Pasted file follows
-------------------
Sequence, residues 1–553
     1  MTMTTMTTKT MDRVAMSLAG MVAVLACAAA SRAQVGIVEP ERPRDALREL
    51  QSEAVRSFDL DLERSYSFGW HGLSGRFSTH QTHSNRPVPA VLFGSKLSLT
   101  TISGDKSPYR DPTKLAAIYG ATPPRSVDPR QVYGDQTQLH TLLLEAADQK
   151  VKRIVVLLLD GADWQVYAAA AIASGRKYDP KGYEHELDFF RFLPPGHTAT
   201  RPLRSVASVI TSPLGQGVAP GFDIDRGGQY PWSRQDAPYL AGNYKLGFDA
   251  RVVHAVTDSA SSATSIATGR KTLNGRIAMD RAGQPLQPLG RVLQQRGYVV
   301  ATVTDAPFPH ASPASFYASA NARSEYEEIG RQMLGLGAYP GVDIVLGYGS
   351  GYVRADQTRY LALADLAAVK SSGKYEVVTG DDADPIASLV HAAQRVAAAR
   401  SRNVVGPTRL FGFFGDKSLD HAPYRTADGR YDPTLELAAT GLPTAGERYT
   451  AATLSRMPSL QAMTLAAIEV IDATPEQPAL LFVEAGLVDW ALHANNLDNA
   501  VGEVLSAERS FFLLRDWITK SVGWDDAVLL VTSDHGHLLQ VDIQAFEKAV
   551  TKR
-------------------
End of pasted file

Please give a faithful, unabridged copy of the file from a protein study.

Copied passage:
Sequence, residues 1–553
     1  MTMTTMTTKT MDRVAMSLAG MVAVLACAAA SRAQVGIVEP ERPRDALREL
    51  QSEAVRSFDL DLERSYSFGW HGLSGRFSTH QTHSNRPVPA VLFGSKLSLT
   101  TISGDKSPYR DPTKLAAIYG ATPPRSVDPR QVYGDQTQLH TLLLEAADQK
   151  VKRIVVLLLD GADWQVYAAA AIASGRKYDP KGYEHELDFF RFLPPGHTAT
   201  RPLRSVASVI TSPLGQGVAP GFDIDRGGQY PWSRQDAPYL AGNYKLGFDA
   251  RVVHAVTDSA SSATSIATGR KTLNGRIAMD RAGQPLQPLG RVLQQRGYVV
   301  ATVTDAPFPH ASPASFYASA NARSEYEEIG RQMLGLGAYP GVDIVLGYGS
   351  GYVRADQTRY LALADLAAVK SSGKYEVVTG DDADPIASLV HAAQRVAAAR
   401  SRNVVGPTRL FGFFGDKSLD HAPYRTADGR YDPTLELAAT GLPTAGERYT
   451  AATLSRMPSL QAMTLAAIEV IDATPEQPAL LFVEAGLVDW ALHANNLDNA
   501  VGEVLSAERS FFLLRDWITK SVGWDDAVLL VTSDHGHLLQ VDIQAFEKAV
   551  TKR